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  1. #31
    Live Long & Suffer psikeyhackr's Avatar
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    Quote Originally Posted by Hitmouse View Post
    An excellent opening line in my opinion. What is your objection to it?
    I am not OBJECTING to it as an opening line I just don't see what is so great about it that it deserves so many hits on the net and the entire book isn't that good anyway. Gibbson admitted that he didn't know squat about computers when he wrote it and it shows.

    psik

  2. #32
    Webmaster, Great SF&F owlcroft's Avatar
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    Hard to take seriously.

    A list that includes M. John Harrison's Centauri Device, the author's own least-favorite work, and omits Signs of Life, Light, and Nova Swing (not to mention The Committed Men) is hard to take seriously.

    So is the lack of anything by Jack Vance or Brian Stableford or Cordwainer Smith.

    There are also quite a few books there by popular authors that don't belong on any "Best" list, though "Top" is a category a deal more flexible. But if it is, as stated, "Books You Must Read", Holy moly, what a joke.

  3. #33
    Quote Originally Posted by The Master™ View Post
    I was reading the Forbidden Planet website today, and came across this curiosity... The Top 50 Sci-Fi books, you should read, according to them...

    Some interesting choices and some obvious ones...

    Personally, I have only read the ones in red:

    50. Embassytown
    49. Zoo City
    48. The Windup Girl
    47. Uplift: Book 1: Sundiver
    46. The Reality Dysfunction
    45. Cat's Cradle
    44. SF Masterworks: The Difference Engine
    43. SF Masterworks: Centauri Device
    42. The Drowned World
    41. SF Masterworks: Pavane
    40. Make Room! Make Room!
    39. The Player Of Games
    38. Altered Carbon (GOT THE BOOK IN MY PILE STILL TO READ)
    37. SF Masterworks: Dying Inside
    36. The Hitchhiker's Guide to the Galaxy: The Trilogy Of Four
    35. SF Masterworks: Blood Music
    34. S.F. Masterworks: Lord Of Light
    33. SF Masterworks: Rendezvous With Rama
    32. Zones Of Thought: A Fire Upon The Deep & A Deepness In The Sky
    31. Mars: Book 1: Red Mars
    30. SF Masterworks: Ubik
    29. Fahrenheit 451
    28. The Death Of Grass
    27. SF Masterworks: Inverted World
    26. SF Masterworks: The Female Man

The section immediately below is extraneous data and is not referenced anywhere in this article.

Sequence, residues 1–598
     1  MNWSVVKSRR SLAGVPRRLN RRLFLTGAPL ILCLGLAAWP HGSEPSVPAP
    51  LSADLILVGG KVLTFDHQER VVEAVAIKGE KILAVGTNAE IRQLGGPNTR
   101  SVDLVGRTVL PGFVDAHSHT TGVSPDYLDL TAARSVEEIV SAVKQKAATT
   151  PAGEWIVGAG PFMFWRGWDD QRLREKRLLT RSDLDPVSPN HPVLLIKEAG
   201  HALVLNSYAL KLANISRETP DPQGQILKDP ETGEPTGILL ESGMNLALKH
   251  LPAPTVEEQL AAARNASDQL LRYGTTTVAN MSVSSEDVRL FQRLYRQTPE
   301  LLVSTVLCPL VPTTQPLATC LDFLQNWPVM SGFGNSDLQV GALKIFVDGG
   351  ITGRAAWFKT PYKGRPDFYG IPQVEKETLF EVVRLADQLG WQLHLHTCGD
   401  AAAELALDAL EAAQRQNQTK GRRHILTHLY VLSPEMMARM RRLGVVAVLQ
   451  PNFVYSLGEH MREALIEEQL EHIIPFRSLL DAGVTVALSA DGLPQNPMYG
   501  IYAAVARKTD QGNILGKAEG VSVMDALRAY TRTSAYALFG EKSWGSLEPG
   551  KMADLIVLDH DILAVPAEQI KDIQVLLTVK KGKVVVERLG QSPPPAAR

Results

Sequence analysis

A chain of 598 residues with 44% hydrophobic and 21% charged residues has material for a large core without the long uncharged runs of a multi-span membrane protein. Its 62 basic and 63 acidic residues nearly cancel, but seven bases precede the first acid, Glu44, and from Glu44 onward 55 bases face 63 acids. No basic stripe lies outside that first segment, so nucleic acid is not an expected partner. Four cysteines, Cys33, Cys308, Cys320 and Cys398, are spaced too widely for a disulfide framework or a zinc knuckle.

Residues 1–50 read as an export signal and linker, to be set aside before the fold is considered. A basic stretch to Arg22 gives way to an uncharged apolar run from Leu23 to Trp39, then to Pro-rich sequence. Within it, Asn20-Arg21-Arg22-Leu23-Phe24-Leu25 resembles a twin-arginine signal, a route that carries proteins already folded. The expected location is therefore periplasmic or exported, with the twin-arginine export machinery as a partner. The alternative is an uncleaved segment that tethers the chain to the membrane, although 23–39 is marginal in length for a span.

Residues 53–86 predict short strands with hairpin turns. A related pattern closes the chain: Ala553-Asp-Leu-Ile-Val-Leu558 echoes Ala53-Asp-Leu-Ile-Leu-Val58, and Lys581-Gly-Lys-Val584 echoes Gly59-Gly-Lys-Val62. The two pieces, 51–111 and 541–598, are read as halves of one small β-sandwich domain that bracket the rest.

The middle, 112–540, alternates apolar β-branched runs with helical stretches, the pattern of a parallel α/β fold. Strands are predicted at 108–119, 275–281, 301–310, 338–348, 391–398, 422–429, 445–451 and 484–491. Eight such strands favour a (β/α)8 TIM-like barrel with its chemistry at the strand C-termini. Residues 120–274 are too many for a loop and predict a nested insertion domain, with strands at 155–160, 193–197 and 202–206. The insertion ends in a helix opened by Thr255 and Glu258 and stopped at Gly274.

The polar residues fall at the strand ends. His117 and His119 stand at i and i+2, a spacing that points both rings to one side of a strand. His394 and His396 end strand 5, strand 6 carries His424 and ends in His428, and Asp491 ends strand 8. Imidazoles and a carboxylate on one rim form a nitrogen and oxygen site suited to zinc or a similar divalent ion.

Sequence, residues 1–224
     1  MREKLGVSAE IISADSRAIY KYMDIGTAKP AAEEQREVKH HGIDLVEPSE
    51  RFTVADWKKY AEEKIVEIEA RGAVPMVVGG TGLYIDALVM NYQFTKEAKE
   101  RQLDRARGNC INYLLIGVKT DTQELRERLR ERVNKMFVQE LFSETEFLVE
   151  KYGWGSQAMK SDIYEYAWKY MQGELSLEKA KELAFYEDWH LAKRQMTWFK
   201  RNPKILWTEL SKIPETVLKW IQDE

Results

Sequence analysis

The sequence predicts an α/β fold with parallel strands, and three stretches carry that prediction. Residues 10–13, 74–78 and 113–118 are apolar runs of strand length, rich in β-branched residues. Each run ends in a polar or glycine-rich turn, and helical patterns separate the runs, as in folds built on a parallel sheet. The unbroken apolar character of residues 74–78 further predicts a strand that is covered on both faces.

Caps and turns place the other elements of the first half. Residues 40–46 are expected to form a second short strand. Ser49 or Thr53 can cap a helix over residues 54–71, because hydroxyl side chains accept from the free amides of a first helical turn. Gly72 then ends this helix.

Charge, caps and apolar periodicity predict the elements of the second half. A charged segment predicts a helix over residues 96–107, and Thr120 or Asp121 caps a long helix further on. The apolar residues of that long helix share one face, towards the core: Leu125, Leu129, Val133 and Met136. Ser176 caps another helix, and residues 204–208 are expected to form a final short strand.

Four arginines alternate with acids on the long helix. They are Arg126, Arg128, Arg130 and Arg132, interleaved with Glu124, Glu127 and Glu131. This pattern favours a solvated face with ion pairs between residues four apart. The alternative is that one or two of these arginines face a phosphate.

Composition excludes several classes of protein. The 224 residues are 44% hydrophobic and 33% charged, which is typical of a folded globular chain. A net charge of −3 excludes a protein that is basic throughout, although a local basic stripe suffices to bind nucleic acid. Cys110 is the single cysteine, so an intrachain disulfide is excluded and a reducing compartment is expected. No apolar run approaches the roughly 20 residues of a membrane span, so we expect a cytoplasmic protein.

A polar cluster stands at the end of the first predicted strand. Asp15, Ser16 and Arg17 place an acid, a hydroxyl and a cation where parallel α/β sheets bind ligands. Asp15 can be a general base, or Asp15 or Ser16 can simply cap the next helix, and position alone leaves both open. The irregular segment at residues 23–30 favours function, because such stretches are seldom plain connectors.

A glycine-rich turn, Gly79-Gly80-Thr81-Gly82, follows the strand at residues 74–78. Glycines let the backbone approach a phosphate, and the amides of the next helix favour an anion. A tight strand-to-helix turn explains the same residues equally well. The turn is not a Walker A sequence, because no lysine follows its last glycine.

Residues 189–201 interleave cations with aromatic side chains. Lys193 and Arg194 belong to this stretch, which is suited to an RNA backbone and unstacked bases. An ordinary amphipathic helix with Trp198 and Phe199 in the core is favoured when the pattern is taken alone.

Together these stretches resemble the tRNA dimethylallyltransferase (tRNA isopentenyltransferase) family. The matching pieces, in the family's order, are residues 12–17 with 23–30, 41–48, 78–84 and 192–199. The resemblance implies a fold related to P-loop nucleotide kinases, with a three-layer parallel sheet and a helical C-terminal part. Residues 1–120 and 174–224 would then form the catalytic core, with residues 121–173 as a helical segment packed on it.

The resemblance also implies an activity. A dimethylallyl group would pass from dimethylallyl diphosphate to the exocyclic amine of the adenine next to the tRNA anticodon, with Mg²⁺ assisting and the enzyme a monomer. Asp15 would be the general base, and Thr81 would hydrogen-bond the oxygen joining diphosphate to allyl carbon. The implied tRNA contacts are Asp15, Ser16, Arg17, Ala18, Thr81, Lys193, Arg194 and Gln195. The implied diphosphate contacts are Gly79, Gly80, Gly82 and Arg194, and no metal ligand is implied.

25. SF Masterworks: Helliconia: Hellonica Spring, Helliconia Summer, & Helliconia Winter
    24. S.F. Masterworks: I Am Legend
    23. Day Of The Triffids
    22. War Of The Worlds
    21. The Moon Is A Harsh Mistress
    20. A Canticle For Leibowitz
    19. Ender's Game
    18. Snow Crash
    17. Foundation
    16. S.F. Masterworks: The Stars My Destination
    15. SF Masterworks: Flowers For Algernon
    14. SF Masterworks: Stand On Zanzibar
    13. Left Hand Of Darkness
    12. S.F. Masterworks: Babel 17
    11. Ringworld
    10. SF Masterworks: Timescape
    9. Childhood's End
    8. The Man In The High Castle
    7. S.F. Masterworks: Gateway
    6. SF Masterworks: Dispossed
    5. SF Masterworks: The Demolished Man
    4. Neuromancer
    3. Fantasy Masterworks: Book Of The New Sun Book 1 & Shadow & Claw Book 1
    2. S.F. Masterworks: The Forever War
    1. Dune


    Shame that BrAVE NEW WORLD is missing from the list...
    I feel a little like KatG saying this, but apparently they are focusing on catagory s.f., and so no Brave New World or 1984 or War of the Newts, etc. (Cat's Cradle is sorta, kinda an exception. Maybe.)

    That aside, it interests me that from this list you could claim that relatively little noteworthy s.f. has been published since about 1990. The last three entries seem like a stab at correcting that, but their positioning makes them look very much like a stab at balancing the list.

    I know most of these by reputation and while I'd argue that Ender's Game is not as good as its reputation, it has an enormous reputation and has been an influence on subsequent writers as well as drawing in scads of young readers to s.f. Ditto Neuromancer: whatever its quality as s.f., it had a huge impact on readers who did not normally read s.f. and so brought readers into the genre. And the list includes a few titles that probably deserve discussion -- Pavane, Inverted World -- but would ordinarily be overlooked by most listers.

    It's an interesting list and I bet we've all seen far worse.


    Randy M.

  4. #34
    Wow, I just noticed they picked Brin's Sundiver instead of Startide Rising. I have never met anyone who preferred Sundiver - it is universally considered his weak first novel and the debate is usually whether you should bother to read it or not before starting the award-winning Startide Rising. That is a big slip up.

  5. #35
    Quote Originally Posted by phil_geo View Post
    Wow, I just noticed they picked Brin's Sundiver instead of Startide Rising. I have never met anyone who preferred Sundiver - it is universally considered his weak first novel and the debate is usually whether you should bother to read it or not before starting the award-winning Startide Rising. That is a big slip up.